• my house is second up from the corner here, with my old car in the driveway
  • this is a little hill, too steep to plow

Google's freaky maps

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You want to freak out your spouse and loved ones? Find your house on Google Maps, then zoom all the way out to a planet view. Ask them to come into the room, then zoom all the way down to where you can see your car in your driveway.

Beep., joaobambu, razorsedgebullies, and 1 other people added this photo to their favorites.

  1. treebjen 110 months ago | reply

    *cough*sprawl*cough* :-)

  2. hawaii 110 months ago | reply

    I must live too close to a military base or something. After a certain depth, the photo disappears and I get, "We're sorry but we don't have imagery at this zoom level for this region." The same thing happens at all these satellite photo spots, so it might also just be that Honolulu's not worth sending a satellite over. But somehow I doubt that.

  3. mathowie 110 months ago | reply

    At this depth, it's done with a plane, and I bet you can't fly over major cities or near military bases, even for USGS data collection.

  4. afsheen 110 months ago | reply

    I don't think major cities are the problem, since I'm pretty sure there's the same amount of detail over my house in LA and my parents' house in Atlanta.

    My old dorm in Maine, however, won't zoom in past the "zip code at a glance" view, which is probably because it's less than a mile from a navy base.

  5. treebjen 110 months ago | reply

    ... I could swear that Keyhole had imagery for Ann Arbor, Michigan (about a year ago) that GMaps doesn't seem to have. Sort of odd.

  6. lester_nelson 110 months ago | reply

    It doesn't seem to want to zoom in all the way for Soldotna, Alaska, either. And the level it will zoom to doesn't look like a photo, but an impressionistic painting.

  7. somebear 110 months ago | reply

    Most of the "out in the hicks" places I tried to look at got the "We're sorry but we don't have imagery at this zoom level for this region" message. Places like LA or D.C., however, show up just fine.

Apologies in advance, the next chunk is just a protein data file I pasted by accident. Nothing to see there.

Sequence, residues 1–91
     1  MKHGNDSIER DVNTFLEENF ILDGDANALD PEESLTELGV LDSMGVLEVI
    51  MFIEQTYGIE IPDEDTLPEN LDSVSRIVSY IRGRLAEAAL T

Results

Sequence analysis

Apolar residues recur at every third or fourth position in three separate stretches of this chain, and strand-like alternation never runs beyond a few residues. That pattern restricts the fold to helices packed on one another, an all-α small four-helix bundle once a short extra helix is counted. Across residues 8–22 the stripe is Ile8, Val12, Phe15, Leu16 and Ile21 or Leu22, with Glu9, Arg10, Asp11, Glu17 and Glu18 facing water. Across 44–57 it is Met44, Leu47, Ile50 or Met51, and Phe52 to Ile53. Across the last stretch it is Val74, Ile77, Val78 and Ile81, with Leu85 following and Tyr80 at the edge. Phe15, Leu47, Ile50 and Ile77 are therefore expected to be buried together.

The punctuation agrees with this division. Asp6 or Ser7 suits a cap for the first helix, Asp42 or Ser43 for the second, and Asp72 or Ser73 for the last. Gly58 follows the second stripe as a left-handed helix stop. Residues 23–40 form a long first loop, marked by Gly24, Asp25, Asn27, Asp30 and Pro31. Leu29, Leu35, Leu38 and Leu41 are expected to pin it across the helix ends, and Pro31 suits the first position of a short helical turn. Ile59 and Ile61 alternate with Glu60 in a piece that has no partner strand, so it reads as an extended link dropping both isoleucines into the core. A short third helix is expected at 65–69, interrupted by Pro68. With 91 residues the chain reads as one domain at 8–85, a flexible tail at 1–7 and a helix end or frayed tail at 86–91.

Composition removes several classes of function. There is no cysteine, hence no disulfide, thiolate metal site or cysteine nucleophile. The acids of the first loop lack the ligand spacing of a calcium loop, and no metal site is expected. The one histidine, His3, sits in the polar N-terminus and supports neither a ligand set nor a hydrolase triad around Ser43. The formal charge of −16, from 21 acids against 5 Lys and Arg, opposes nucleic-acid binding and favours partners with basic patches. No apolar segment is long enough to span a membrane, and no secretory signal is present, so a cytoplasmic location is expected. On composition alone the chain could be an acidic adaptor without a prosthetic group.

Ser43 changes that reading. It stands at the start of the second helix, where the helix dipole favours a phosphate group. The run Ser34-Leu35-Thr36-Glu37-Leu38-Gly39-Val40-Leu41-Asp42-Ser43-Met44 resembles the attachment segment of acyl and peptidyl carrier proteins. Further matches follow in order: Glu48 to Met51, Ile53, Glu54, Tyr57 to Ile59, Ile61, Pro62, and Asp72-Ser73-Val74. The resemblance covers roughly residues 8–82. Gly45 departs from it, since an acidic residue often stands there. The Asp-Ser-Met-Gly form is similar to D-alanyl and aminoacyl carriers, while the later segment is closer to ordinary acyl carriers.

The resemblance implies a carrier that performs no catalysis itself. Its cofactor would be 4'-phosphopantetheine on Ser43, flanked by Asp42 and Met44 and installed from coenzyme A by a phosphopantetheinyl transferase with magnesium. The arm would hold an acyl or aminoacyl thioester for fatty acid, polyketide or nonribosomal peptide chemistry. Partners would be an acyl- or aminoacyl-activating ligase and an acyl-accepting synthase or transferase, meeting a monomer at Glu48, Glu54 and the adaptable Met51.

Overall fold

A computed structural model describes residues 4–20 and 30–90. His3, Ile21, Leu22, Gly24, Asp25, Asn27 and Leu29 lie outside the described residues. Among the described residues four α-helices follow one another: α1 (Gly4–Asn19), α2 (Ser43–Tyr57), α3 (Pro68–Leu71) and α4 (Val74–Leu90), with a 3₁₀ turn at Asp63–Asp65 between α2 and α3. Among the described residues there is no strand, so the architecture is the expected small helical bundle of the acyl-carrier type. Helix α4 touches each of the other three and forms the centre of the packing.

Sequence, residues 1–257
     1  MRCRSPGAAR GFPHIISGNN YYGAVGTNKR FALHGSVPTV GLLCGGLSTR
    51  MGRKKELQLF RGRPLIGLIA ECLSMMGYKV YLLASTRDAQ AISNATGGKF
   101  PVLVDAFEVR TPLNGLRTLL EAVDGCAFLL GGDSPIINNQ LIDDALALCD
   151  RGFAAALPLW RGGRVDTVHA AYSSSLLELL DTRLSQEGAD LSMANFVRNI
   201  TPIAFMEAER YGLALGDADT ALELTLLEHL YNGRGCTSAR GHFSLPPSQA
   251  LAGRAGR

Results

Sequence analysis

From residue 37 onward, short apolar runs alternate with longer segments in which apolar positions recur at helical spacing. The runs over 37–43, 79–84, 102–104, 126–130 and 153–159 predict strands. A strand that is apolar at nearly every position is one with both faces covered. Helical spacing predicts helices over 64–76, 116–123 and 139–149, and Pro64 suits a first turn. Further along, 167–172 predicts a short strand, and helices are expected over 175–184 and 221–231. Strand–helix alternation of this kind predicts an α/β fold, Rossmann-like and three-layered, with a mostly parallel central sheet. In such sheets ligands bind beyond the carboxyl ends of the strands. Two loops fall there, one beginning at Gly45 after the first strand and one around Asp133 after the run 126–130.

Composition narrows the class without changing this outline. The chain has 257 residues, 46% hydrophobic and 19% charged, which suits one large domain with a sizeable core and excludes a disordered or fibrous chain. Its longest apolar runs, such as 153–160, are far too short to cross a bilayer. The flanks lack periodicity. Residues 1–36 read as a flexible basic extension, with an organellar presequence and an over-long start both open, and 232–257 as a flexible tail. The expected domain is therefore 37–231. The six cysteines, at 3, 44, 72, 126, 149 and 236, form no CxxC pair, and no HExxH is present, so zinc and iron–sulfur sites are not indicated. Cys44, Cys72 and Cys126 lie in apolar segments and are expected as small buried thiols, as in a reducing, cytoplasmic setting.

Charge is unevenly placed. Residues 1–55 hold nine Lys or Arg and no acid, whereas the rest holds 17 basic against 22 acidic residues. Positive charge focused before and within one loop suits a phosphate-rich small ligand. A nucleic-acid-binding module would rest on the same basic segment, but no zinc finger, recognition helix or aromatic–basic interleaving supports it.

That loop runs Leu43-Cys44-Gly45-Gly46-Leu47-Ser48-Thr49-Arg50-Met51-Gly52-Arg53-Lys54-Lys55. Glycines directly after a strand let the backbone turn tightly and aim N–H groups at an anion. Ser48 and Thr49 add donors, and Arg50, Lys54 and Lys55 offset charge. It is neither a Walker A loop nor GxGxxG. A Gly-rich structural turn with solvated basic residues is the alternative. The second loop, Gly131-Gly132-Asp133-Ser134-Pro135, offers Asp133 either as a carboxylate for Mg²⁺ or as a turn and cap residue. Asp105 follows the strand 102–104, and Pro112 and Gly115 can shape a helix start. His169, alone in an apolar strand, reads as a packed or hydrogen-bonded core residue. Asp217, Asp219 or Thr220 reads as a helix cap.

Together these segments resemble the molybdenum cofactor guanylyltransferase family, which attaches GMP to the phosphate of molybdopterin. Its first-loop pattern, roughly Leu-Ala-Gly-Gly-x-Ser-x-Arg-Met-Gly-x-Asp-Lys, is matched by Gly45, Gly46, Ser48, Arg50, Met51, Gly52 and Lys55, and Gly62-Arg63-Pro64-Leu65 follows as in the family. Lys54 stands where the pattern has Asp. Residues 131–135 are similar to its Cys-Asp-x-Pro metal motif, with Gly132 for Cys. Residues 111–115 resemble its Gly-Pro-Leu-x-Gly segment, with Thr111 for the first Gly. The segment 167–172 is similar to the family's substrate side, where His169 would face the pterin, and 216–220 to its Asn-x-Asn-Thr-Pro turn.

8. VTscapes 110 months ago | reply

    I live in one of those'out in the hicks' places.. Could we actually be storing vital information without our knowledge??lol...

  9. Vidiot 110 months ago | reply

    Stalk Matt!

  10. Andrew Huff 110 months ago | reply

    Interesting plough/harvest patterns in the fields south of you.

  11. mmahaffie 110 months ago | reply

    I think the system is using a variety of imagery (satellite and aerial) from a variety of sources. The satellite imagery usually has a pixel-resolution of more than a meter (5- 10- sometimes even 30-meter pixels). Where there is only larger-pixel data it will stop zooming in past a certain level; after it becomes an impressionistic painting, it becomes blobs of color.

    Interestingly, there are places (zoom in to Central Delaware, for example) where you can see the different imagery data sets next to each other. The green stuff is someone's satellite data, the black and white swath is more recent, hi-res aerial imagery taken by USGS of the Dover AirForce Base and environs as part of homeland security work.

  12. froman98 110 months ago | reply

    The land around the neighborhood looks like a circuit board.

  13. joaobambu 110 months ago | reply

    Great idea; Need to get my groove going with google maps!

  14. Yakima_gulag 110 months ago | reply

    damn if i could just follow the car that is out there with the loud @$$bass until he goes to his house......

  15. somebear 110 months ago | reply

    Realtime satelite pictures on goole maps, now that would be the coolest, albeit a bit unrealistic (for now).

  16. LancerE 57 months ago | reply

    These memory maps are fun to look at, but what's even more fun is looking at the 4-year old comments that talk about times before every square inch had a detailed aerial view (: I remember those days

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